• Top  5  Health  Apps       The  Times    Aug  2012   Best  App  for  Exercise   RunKeeper    Fooducate     Sleep  Cycle    Best  App  for  Healthy  Ea-ng   Best  App  for  Snoozing  
    • Lose  It!    Best  App  for  Weight  Loss  ZocDoc  Best  App  for  Finding  a  Doctor  
    • E-­‐infrastructure  and  compuAng  in  the  ‘cloud’   Amazon and Microsoft are providing cloud services for data storage and retrieval
    • •  What  is  a  ‘Digital  Me’  ?  •  Ingredients  •  Some  challenges  ahead  and  key  to   implementa-on  •  Conclusions  
    • Some  challenges  ahead  Biological  challenges   Societal  challenges   –  Do  we  understand  biology  and   –  Privacy   diseases  enough  to  develop   –  How  to  prevent  inequali-es  in   reliable  computa-onal  models?   access  to  health  care?   –  How  to  integrate  growing   –  Health  care  economics   knowledge  into  models?   –  Implementa-on  in  health  care   –  How  to  prevent  adverse  ICT  Challenges   effects/misuse?   –  Data  quality   –  Data  management   –  Data  security   –  User  interfaces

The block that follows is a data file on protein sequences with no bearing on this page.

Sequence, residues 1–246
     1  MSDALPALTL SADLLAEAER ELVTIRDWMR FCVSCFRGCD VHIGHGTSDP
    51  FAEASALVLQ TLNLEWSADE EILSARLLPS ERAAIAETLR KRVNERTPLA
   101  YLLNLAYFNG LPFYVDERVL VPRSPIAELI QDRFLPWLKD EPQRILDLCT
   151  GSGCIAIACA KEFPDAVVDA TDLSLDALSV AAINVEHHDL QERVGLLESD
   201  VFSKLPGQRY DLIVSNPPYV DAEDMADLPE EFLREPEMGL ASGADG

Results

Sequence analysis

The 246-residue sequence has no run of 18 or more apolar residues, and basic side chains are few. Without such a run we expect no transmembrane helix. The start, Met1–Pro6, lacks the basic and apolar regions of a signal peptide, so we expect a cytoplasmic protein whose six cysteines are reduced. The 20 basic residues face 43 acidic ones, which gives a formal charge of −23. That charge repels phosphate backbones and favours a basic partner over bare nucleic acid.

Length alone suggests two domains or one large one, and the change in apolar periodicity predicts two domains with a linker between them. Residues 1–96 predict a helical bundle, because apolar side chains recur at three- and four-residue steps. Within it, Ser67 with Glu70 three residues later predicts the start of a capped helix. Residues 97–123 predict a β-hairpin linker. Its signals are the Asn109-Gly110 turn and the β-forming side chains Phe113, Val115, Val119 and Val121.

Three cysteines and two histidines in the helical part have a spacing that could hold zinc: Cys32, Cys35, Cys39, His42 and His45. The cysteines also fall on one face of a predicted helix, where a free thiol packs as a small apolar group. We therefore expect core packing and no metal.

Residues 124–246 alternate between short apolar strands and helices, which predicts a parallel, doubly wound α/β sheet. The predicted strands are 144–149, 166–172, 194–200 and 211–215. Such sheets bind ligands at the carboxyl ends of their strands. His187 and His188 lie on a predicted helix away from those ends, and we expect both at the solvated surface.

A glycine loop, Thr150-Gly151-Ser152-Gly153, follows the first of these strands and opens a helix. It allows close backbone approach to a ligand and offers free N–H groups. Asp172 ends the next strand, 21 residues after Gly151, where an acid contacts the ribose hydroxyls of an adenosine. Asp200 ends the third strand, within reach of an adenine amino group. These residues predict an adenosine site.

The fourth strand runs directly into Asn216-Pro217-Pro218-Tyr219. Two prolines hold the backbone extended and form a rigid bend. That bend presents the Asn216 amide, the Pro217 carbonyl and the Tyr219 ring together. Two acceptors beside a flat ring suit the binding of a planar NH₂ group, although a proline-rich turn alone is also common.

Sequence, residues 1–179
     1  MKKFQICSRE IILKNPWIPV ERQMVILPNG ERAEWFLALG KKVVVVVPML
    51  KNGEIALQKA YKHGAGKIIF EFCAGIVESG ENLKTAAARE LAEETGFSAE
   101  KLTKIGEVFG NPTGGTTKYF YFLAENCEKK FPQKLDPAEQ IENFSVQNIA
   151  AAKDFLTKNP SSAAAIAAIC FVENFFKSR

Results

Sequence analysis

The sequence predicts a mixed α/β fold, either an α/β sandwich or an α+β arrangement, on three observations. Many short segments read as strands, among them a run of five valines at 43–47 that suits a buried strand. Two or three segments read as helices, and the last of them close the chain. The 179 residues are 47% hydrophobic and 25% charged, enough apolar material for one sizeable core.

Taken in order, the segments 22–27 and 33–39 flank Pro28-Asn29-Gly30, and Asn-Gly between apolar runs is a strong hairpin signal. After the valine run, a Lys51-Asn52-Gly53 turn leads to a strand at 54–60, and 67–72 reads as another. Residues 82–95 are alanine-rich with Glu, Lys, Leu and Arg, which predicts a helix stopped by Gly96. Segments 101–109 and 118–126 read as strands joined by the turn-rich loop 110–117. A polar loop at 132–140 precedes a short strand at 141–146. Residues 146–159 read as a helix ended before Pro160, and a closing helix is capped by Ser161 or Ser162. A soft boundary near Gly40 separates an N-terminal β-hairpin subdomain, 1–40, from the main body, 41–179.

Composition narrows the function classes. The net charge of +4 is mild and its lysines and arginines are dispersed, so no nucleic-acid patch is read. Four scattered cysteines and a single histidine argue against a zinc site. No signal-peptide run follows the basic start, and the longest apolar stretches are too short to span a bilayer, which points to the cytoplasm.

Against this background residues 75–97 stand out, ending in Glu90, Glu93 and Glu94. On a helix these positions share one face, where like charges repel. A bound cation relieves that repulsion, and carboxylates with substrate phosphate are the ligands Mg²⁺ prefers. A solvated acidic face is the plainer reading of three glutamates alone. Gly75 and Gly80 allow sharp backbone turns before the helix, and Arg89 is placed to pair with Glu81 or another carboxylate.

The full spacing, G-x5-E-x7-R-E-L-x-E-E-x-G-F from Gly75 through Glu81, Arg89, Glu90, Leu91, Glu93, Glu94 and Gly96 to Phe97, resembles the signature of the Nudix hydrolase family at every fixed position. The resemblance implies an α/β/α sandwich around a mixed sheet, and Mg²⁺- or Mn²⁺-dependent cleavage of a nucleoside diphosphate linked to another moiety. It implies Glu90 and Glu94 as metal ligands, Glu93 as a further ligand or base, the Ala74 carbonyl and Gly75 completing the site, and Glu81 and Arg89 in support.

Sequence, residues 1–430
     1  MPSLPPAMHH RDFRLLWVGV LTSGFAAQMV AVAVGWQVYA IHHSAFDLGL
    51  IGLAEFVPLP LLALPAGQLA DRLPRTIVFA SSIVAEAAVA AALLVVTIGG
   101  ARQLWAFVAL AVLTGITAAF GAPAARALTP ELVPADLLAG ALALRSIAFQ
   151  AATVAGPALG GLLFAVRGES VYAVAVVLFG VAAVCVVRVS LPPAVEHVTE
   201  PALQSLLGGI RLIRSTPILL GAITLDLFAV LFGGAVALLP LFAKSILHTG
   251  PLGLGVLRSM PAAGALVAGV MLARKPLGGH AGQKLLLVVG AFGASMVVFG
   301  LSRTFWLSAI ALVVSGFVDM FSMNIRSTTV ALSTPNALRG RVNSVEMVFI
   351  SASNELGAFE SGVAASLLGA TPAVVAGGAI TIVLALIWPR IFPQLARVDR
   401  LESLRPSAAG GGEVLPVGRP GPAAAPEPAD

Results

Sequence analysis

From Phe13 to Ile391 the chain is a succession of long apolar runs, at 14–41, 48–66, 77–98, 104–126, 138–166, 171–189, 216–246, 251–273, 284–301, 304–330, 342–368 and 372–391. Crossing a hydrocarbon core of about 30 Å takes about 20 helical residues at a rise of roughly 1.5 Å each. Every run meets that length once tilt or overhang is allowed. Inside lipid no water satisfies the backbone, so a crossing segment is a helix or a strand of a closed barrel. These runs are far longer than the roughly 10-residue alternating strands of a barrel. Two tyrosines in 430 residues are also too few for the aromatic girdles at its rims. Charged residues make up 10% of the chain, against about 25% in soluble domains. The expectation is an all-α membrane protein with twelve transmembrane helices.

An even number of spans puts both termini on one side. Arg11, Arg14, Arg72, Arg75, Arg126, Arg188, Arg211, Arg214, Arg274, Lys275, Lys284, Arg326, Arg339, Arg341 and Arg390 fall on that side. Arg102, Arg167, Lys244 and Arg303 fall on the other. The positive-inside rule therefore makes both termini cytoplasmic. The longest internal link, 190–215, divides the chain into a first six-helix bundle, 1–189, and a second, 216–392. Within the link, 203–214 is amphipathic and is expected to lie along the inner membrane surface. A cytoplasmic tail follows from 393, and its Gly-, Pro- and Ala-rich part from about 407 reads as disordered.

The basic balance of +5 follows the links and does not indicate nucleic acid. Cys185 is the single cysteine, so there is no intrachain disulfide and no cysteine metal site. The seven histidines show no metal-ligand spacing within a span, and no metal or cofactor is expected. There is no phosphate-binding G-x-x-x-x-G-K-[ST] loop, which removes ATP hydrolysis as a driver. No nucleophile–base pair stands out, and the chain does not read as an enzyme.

• Key  to  ImplementaAon  •  Exploit  unprecedented  amounts  of  detailed  biological  data  being   accumulated  for  individual  people  (e.g.  at  GP  surgeries,  labs),  some  of   which  are  already  available  on  EHRs  •  Harness  the  latest  developments  in  ICT   –  large  scale  data  integra-on  and  mining,  cloud  compu-ng,  high   performance  compu-ng,  advanced  modelling  and  simula-on,     –  all  brought  together  in  a  highly  flexible  plaZorm.    •  Turn  this  informa-on  into  knowledge  that  assists  in  taking  medical,   clinical  and  lifestyle  decisions  for  the  ci-zen  •  Bridge  the  knowledge  gap  in  the  clinical/medical  community    •  Pay  acen-on  to  the  ethical,  legal  and  societal  issues